Paralysis occurs when an individual loses control over the function of one or more muscle groups. It can be temporary or permanent depending on the area of the body affected and the type of injury that was sustained. With paralysis, a person may lose the ability to move his or her legs, one side of the body or all four of his or her limbs.

The Cleveland Clinic reports that approximately one in 50 people are living with some type of paralysis in the United States. The forms of injuries related to paralysis range from a loss of feeling in the legs to quadriplegia, or complete paralysis.

What Causes Paralysis?

The most common causes of paralysis are:

Trauma to the brain or spinal cord or a neurological condition may also cause paralysis. A paralysis attorney will be able to help if you or a loved one must endure paralysis due to the negligent behavior of another party.

The Various Forms of Paralysis

Minor injuries to the spinal cord, like those sustained during whiplash, may be temporary and last a couple of weeks before they heal completely. More serious spinal cord injuries can leave someone paralyzed.

The various forms of paralysis are:

  • Monoplegia: Paralysis of one limb caused when particular parts of the nervous system and spine are damaged.
  • Diplegia: Affects the same body part on both sides of the body (i.e. both arms, both legs, etc.). Diplegia is commonly symptomatic of brain damage resulting from cerebral palsy.
  • Hemiplegia: Paralysis on one side of the body that is almost always caused by damage to the brain. The paralysis is on the side of the body opposite to the hemisphere of the brain that is damaged. If the left side of the brain is damaged, the right side of the body experiences paralysis and vice versa. Hemiplegia is often caused by a stroke.
  • Quadriplegia: Affects a person’s chest and all four of their limbs, essentially an individual’s entire body lower than the shoulders. Quadriplegia results from severe trauma to the spinal cord above the shoulders.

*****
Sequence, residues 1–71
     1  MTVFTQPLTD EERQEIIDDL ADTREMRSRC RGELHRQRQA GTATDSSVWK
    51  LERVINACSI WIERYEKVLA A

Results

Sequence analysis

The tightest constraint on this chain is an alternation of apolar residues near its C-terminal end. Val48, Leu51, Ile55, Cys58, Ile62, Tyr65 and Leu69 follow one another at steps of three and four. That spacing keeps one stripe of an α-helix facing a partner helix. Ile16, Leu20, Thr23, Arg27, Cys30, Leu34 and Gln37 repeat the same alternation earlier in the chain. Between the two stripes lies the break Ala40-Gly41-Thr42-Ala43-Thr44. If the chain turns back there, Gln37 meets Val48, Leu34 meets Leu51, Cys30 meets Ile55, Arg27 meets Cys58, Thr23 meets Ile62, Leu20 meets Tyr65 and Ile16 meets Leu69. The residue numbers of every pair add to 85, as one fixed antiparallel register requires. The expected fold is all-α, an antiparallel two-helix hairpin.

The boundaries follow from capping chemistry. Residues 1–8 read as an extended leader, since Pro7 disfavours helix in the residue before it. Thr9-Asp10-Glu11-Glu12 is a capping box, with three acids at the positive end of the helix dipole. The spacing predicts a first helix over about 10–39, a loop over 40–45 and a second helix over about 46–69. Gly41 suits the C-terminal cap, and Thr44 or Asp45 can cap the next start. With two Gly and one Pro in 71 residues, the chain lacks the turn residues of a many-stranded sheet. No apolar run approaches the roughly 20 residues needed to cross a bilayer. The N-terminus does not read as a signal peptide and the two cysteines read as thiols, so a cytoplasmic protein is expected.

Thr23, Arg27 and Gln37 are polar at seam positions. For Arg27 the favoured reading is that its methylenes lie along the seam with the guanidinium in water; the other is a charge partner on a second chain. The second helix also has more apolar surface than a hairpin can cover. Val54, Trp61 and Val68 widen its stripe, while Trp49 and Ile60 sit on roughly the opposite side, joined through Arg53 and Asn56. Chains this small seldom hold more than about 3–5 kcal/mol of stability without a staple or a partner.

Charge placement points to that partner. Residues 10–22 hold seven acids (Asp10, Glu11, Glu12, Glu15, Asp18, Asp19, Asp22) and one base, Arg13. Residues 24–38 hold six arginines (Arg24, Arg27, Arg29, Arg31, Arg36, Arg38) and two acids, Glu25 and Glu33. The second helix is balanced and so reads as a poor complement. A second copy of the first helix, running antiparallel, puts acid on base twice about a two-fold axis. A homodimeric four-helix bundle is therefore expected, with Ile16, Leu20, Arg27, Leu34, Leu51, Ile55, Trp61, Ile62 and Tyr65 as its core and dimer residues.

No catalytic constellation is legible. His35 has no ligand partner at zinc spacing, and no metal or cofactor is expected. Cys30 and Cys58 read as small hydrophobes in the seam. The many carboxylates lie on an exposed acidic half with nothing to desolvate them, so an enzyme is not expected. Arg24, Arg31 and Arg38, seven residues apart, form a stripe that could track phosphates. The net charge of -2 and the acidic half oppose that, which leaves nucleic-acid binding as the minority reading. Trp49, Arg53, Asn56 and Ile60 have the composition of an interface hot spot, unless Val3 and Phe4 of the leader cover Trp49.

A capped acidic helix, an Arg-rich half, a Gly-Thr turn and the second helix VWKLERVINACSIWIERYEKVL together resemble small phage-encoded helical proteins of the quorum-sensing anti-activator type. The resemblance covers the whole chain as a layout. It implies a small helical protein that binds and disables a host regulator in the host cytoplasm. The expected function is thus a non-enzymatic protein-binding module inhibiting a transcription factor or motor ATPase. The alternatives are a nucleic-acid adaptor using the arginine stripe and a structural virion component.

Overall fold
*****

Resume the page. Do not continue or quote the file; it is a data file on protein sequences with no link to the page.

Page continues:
The manifestations of paralysis differ due to the cause, but they are frequently easy to recognize. An individual will be totally or partially lose the ability to move the body parts affected. The person may also experience a loss of feeling and muscle stiffness in the area distressed.

Complications Related to Paralysis

Paralysis can occur in any muscle or muscle group and as a result, many of the body’s functions can be affected. A few of the complications related to paralysis include:

  • Difficulties with heart rate, blood flow, and breathing
  • Fluctuations in the normal function of glands, organs, and various tissues in the body
  • Bedsores
  • Blood clots
  • Difficulty speaking
  • Mood and behavioral changes
  • Loss of bladder and bowel control
  • Sexual dysfunction

An experienced paralysis attorney can help get you the monetary help you need if your paralysis was the result of someone else’s negligence. They can assist you in paying for expenses related to a loss of income, lost future earnings, medical expenses, damage to property, costs related to rehabilitation, and pain and suffering. Contact our firm to speak to a Chicago paralysis lawyer today.

If you have been injured in a personal injury or work-related accident, do not hesitate to contact our office at (312) 332-5400

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